Rhinos – The Fight for Their Survival
Trading of rhino horns has been officially prohibited for about four decades. However, since particularly in China and Vietnam, healing and aphrodisiac effects are attributed to the rhino horn, horrendous prices are paid for it on the black markets – with fatal results: The species is at the very edge of extinction.
Since 2013, the Academy for the Protection of Zoo Animals and Wildlife has been advocating for the protection of endangered rhinos – initially through a special project for captive breeding in the Salzburg Zoo. Since then, however, the Academy has become involved in a scientific pan-European species conservation project of the renowned Leibniz Institute for Zoo and Wildlife Research (IZW) in Berlin.
This commitment had started in Salzburg: the city’s zoo director Sabine Grebner called for Prof. Dr. Henning Wiesner’s scholarly, zoological and veterinarian assistance because of his decades of practical experience as zoo veterinarian and managing director of the Munich Tierpark Hellabrunn. As part of this, there was mention of the rhino offspring – or lack therefor – in Salzburg: Rhino bull Athos did not show any interest in his female companions. Wiesner recommended artificial insemination and, in preparation for it, adjusted the animal’s keeping and feeding. A team of IZW specialists undertook the insemination itself: Prof. Dr. Thomas Hildebrandt, Dr. Frank Göritz and Dr. Robert Hermes are specialists in this field. In so doing, the Salzburg Zoo immediately got two young calves that are developing wonderfully and have become the zoo visitors’ favourite attraction.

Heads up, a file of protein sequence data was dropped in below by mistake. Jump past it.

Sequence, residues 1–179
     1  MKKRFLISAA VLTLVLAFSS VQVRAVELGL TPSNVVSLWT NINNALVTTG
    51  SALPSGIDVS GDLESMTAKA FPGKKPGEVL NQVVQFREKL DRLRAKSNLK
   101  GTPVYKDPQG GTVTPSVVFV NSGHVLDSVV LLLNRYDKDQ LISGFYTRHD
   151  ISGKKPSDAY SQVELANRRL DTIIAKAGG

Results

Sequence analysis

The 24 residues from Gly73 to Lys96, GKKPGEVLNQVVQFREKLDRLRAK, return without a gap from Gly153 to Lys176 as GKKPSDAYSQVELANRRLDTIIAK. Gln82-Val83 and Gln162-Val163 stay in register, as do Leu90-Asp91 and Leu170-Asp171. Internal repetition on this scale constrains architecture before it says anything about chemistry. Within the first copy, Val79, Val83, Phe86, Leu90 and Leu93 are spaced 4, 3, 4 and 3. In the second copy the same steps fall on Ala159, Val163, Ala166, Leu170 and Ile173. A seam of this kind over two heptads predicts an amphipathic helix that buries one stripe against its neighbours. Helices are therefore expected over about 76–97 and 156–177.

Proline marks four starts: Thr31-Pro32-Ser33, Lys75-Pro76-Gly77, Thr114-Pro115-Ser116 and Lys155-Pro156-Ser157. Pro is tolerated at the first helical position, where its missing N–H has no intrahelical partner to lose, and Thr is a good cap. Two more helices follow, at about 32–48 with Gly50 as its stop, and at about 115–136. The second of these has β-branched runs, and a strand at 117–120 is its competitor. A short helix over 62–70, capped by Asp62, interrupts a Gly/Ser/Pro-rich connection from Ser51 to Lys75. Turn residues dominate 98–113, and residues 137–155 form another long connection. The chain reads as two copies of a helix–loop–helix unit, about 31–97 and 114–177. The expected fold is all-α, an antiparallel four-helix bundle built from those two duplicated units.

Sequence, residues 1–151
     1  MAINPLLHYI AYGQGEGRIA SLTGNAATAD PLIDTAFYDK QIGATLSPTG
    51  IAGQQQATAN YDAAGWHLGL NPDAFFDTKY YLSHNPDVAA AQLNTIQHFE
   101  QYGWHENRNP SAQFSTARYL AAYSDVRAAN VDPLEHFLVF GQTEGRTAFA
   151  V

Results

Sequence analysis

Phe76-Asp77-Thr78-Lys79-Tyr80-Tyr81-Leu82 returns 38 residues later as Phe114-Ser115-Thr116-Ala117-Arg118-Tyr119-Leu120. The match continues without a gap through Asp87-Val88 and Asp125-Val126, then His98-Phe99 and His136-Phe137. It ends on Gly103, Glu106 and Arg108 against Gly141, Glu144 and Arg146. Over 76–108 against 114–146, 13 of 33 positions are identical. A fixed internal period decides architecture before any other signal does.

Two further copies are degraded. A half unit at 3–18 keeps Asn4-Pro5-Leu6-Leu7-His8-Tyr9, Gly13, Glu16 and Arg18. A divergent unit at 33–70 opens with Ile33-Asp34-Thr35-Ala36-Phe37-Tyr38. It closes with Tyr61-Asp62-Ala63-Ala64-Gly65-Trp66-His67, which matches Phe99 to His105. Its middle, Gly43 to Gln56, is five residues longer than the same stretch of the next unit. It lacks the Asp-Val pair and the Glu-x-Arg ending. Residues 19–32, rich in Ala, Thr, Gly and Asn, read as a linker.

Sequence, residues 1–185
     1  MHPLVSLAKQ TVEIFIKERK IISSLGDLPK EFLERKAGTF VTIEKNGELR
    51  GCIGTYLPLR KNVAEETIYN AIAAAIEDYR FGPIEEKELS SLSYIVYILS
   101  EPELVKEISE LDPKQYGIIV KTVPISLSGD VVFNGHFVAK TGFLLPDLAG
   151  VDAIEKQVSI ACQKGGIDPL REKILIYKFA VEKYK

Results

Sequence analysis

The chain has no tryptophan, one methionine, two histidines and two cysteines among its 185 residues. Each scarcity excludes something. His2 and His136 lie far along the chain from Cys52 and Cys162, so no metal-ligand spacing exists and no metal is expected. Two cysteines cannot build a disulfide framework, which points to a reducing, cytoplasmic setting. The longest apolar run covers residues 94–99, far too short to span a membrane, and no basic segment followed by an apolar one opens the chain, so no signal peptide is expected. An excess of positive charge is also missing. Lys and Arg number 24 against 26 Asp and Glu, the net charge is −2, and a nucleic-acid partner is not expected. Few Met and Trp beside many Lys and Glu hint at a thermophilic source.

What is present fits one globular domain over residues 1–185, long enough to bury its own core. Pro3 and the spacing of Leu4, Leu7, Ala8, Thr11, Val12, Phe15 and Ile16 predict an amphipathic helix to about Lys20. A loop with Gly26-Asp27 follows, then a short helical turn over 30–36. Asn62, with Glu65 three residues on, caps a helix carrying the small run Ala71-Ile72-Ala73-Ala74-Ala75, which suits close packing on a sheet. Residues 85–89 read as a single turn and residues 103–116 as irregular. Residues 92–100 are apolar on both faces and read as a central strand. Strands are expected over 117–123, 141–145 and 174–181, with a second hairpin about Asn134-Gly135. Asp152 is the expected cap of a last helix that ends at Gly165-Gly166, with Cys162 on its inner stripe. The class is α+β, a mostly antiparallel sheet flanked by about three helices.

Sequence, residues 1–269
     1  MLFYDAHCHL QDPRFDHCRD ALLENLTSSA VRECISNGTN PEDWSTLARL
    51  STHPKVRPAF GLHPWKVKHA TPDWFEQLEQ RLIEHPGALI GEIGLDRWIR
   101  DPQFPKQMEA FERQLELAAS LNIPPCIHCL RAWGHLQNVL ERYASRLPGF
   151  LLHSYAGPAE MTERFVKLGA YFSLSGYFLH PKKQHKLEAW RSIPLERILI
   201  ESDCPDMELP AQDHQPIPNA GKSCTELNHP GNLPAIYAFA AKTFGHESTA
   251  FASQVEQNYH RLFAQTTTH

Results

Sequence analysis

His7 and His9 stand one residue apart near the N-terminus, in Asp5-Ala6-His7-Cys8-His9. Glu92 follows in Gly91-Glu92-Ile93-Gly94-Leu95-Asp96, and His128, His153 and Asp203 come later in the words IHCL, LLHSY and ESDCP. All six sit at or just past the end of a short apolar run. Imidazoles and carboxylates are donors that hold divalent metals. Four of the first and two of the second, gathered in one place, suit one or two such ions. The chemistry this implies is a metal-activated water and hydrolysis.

As a result, the idea to support in-vitro fertilization for rhinos in general developed. However, not just the insemination is important, but the artificial fertilization. While for rhinos this is still in the early stages, it is very likely the only method to prevent some subspecies from extinction and to maintain their biodiversity. When in Salzburg, the IZW took a large step together with Henning Wiesner: With newly developed special equipment they succeeded to detect individual follicles in the ovaries of the then 33-year-old white rhino cow Kifaru. The next goal now is to stimulate follicles and oocytes. Consequently, there is hope to obtain oocytes from other rhinos nationally and internationally – an undertaking that will receive support from the Academy in the future as well.■